WWII B-17 Bomber cruises over Natchitoches


NATCHITOCHES – Soaring over Natchitoches, Northwestern State University and surrounding countryside with a mighty roar, a World War II-era B-17 Flying Fortress offered passengers a small taste of the plane’s capabilities and a glimpse into its role in U.S. History. The four-engine bomber “Nine O Nine” cruised above the city and Red River, brought to Natchitoches Regional Airport to offer Wings of Freedom Tours presented by the Collings Foundation.


A Wednesday afternoon flight included Allen Posey of Baton Rouge, brother of Natchitoches Mayor Lee Posey, both NSU alumni.  The Posey family’s interest in the plane stems from their father’s World War II experience.  Allen Murph Posey Sr., also an NSU graduate, was a bombardier on a B-17 that was shot down on May 17, 1943, and he subsequently spent 23 months in a POW camp.


Similarly, fellow passengers Ben Rushing, a professor of mathematics at NSU, and Thomas King, a local radio personality, had personal interest.  Rushing’s father was a navigator on a B-17 who served in England during WWII and flew over Germany, then was transferred to North Africa and was shot down twice.  King’s father loaded bombs on the B-17 at an airbase outside London and would occasionally catch a flight with the crew to see the areas they had been bombing.


Wings of Freedom will host flight and walk-through tours through Friday and the crew was expecting visits from a troop of Boy Scouts and a few local school groups. In addition to the B-17, a P-51 Mustang is also on display at the airport.  Proceeds from the tours go towards maintenance of the planes.  There are six B-17s still in operation in the U.S. and two are owned by the Collings Foundation, a non-profit that preserves artifacts and organizes living history events to enable Americans to learn history through direct participation.


Another Wednesday passenger, Marion Salter, said it’s rare for Wings of Freedom to visit a city as small as Natchitoches.


“They came two years ago and for them to come back is a miracle,” Salter said.  “It’s an honor for them to come.”


Salter’s husband, Stanley Salter, is chairman of the Natchitoches Airport Commission and their love of airplanes goes back a long way. Their first date was to Love Field in Dallas when they were students at Southern Methodist University, she said.


Georgia Hilton, also aboard Wednesday, shares the love of flight.  Her husband Mike also serves on the Airport Commission and, along with the Salters, is a key organizer of Wings Over Natchitoches, a popular annual October fly-in that includes plane displays and air shows at Natchitoches Regional Airport, which is adjacent to the NSU campus.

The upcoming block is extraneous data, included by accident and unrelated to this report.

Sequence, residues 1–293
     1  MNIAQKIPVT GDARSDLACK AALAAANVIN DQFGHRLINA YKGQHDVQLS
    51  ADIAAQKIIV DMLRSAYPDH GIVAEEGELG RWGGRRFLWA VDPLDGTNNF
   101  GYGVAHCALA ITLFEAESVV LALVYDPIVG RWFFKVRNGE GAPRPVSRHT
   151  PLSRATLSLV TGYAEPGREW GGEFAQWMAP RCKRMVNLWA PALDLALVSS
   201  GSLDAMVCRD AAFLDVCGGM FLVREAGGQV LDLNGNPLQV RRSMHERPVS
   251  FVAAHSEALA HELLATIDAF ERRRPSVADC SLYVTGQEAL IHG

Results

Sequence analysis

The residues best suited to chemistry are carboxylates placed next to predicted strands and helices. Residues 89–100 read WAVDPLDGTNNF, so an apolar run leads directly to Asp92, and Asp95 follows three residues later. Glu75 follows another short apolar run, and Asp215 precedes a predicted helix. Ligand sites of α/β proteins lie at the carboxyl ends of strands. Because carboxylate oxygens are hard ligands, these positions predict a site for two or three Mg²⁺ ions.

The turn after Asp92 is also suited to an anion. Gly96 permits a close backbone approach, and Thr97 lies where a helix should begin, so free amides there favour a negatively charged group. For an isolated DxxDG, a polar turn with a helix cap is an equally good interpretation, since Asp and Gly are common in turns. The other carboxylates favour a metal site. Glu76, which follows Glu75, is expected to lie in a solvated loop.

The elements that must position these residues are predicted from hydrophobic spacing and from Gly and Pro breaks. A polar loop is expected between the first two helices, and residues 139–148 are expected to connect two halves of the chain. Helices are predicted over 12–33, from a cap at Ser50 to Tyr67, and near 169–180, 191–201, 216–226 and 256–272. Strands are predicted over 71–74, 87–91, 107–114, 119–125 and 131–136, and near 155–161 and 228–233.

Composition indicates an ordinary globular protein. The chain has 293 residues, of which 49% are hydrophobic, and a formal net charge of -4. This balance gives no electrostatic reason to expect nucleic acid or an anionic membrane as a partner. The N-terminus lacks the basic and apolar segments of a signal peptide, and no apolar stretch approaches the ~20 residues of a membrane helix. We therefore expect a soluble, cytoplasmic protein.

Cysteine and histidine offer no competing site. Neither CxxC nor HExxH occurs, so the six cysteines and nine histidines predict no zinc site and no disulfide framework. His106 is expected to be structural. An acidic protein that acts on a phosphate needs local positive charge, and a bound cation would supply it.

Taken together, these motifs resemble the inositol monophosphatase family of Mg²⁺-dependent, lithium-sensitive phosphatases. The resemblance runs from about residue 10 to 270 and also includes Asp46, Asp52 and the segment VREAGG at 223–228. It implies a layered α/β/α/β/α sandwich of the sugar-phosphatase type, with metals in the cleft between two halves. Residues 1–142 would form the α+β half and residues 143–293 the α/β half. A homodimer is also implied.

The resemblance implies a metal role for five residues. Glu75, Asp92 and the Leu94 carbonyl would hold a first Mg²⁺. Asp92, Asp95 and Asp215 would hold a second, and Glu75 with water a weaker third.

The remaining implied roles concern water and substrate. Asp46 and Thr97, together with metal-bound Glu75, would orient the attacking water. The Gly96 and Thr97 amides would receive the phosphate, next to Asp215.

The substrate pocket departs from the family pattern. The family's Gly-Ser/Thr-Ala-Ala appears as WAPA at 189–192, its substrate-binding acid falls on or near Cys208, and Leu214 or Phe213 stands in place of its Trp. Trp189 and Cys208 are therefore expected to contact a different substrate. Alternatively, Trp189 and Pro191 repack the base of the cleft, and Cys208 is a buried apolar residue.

“I love flying.  I love the history and I love having them here,” Hilton said.


With passengers seated on the floor and strapped in with heavy seatbelts, the Nine O Nine roared off the tarmac into a perfectly clear blue sky, circling the city and heading north along the Red River for a 30-minute flight.  Once in the air, passengers could explore the bomber, carefully balancing through the utilitarian aircraft, imagining what it would have been like to serve on its crew during strategic bombing campaigns.


The B-17 served in almost every theater of World War II.  According to resources at Boeing, which developed the plane, in the 1930s “the first B-17s saw combat in 1941 with the British Royal Air Force. As World War II intensified, the bombers needed additional armament and armor.


“The B-17E, the first mass-produced model Flying Fortress, carried nine machine guns and a 4,000-pound bomb load. It was several tons heavier than the prototypes and bristled with armament. It was the first Boeing airplane with the distinctive — and enormous — tail for improved control and stability during high-altitude bombing. Each version was more heavily armed.


“In the Pacific, the planes earned a deadly reputation with the Japanese, who dubbed them ‘four-engine fighters.’ The Fortresses were also legendary for their ability to stay in the air after taking brutal poundings.”


Even today, the Nine O Nine carries the aura of a rugged metal workhorse, battle-tested, irreverent and resilient.


Wings of Freedom tours have been a featured focus of the Collings Foundation since 1989 and the crew travels throughout the year to airports around the country. Next stops are Tyler, Texas, then on to Waco, Houston, New Braunfels and other Texas cities.


More information on the Collings Foundation and Wings of Freedom tours is available at collingsfoundation.org.


Information on Natchitoches Regional Airport is available at natchitochesla.gov/airport/natchitoches-regional-airport.

Seated on the floor in the belly of the B-17 bomber, passengers Thomas King, Allen Posey and Ben Rushing strapped on heavy seatbelts as Pilot Mac McCauley boarded the plane.
The nose gunner position on the B-17 provided wide open views of the Louisiana landscape during a flight on the WWII bomber and served as a reminder of why the plane was called the Flying Fortress.
Wings of Freedom flight tours on the World War II B-17 bomber Nine O Nine are available through Friday at Natchitoches Regional Airport. Back on terra firma, this group of passengers captured the experience with a photo. From left are Allen Posey, Pilot Mac McCauley, Ben Rushing, Thomas King, Marion Salter, Georgia Hilton, Flight Assistant Jamie Mitchell and Leah Jackson. Photo by Pilot Paul Barnett.